Ellie’s Expression: Legalizing marijuana would benefit the U.S.

Eleanor Marshall
Opinion Columnist

Making marijuana legal would greatly benefit the United States economically and politically. It would also increase safety for its citizens.

This doesn’t mean I’m necessarily promoting the use of marijuana, rather explaining the advantages of its legalization.

The first issue with marijuana being illegal is the number of people in jail for it, especially people of color.
According to the ACLU, “Marijuana arrests now account for over half of all drug arrests in the United States. Of the 8.2 million marijuana arrests between 2001 and 2010, 88 percent were for simply having marijuana. Nationwide, the arrest data revealed one consistent trend: significant racial bias. Despite roughly equal usage rates, blacks are 3.73 times more likely than whites to be arrested for marijuana.”

If marijuana was legalized, there would be fewer nonviolent offenders in jail, meaning Americans would pay less taxes to fund prisons. Police officers could focus on stopping violent crimes instead of people with a few grams of marijuana.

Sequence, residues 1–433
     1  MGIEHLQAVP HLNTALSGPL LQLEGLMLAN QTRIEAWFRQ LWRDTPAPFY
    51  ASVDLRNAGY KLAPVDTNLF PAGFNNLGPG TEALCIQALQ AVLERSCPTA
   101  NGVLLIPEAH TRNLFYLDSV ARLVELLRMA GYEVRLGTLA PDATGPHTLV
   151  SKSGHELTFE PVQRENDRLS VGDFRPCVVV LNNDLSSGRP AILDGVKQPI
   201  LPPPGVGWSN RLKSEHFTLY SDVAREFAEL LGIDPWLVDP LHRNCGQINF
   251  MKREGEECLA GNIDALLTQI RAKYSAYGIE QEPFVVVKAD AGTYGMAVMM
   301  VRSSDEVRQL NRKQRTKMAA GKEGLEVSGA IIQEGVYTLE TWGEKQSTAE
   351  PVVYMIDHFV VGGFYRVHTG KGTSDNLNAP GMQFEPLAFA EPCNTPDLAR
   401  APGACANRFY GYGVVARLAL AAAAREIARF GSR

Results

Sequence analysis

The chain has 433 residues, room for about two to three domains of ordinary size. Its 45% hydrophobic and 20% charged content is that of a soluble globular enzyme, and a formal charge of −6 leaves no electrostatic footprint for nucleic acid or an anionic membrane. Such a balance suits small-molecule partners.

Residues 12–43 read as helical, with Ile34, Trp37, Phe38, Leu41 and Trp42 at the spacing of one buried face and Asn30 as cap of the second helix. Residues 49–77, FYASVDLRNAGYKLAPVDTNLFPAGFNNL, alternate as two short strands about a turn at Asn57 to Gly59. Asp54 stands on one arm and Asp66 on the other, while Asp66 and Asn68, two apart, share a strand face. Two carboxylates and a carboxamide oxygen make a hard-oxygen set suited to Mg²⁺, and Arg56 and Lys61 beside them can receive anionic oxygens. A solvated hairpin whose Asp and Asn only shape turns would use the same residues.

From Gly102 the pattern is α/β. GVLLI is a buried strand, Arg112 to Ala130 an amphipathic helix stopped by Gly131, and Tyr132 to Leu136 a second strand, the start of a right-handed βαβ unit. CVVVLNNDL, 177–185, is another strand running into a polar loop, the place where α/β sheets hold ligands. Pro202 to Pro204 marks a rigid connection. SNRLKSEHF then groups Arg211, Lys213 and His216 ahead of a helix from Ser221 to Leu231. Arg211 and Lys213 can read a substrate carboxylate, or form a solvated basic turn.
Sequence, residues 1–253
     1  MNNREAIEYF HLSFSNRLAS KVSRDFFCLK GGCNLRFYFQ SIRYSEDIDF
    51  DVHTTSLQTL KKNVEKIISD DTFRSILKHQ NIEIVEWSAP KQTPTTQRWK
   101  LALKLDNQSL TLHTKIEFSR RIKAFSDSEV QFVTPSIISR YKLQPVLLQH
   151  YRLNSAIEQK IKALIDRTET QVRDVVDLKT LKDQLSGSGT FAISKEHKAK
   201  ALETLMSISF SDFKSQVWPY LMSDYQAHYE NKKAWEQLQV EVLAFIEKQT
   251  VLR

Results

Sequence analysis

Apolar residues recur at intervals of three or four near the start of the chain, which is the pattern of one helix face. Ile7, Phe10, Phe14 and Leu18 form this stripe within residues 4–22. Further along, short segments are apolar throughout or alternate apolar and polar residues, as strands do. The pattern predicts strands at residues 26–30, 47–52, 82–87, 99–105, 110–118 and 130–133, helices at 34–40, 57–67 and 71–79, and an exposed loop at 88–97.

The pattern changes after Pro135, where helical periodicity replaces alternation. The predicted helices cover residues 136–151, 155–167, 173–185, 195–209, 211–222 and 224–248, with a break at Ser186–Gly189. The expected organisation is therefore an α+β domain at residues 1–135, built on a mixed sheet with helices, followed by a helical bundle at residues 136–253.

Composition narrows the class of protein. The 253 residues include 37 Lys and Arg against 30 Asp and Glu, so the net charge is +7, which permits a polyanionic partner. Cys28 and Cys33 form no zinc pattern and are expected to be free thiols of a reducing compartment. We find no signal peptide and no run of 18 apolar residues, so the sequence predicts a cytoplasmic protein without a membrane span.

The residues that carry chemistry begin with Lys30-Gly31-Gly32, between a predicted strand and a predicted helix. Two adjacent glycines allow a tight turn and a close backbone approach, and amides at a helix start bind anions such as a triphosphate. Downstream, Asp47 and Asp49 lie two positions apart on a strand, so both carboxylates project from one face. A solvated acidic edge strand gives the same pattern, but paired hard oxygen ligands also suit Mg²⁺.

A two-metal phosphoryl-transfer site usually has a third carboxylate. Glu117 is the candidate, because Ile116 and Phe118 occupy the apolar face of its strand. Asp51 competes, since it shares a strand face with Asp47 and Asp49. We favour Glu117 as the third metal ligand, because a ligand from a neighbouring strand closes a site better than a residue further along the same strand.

“Here (in the Netherlands), you don’t have to go to jail if you’re a marijuana smoker,” American psychologist Art Lecesse said. “The goal is to try to keep young people in particular away from the criminal drug environment that may get them involved with the harder drugs such as cocaine and heroin.”

According Department of Agriculture, marijuana is one of the nation’s largest cash crops. This means economically, it makes sense for legalization. State and local governments would gain a significant tax revenue from regulating sales.

It will also create safe, legal jobs for people who will pay their taxes and contribute to society, discouraging drug dealers.

All of these taxes could go to important things like public education and the military.
Finally, legalizing marijuana will make its consumers much safer. Product testing is becoming a requirement for legalized marijuana markets. This means no one will blindly use dangerous laced drugs. When marijuana isn’t laced, it is safer.

“In terms of its acute and long-term effects, marijuana is a remarkably benign drug,” Lecesse said.

Dr. Els Borst, the Dutch minister of health, said cannabis does not have serious health risks.

“People have died from tobacco and alcohol, from heroin, from cocaine, but never from (overdosing on) cannabis,” Borste said.

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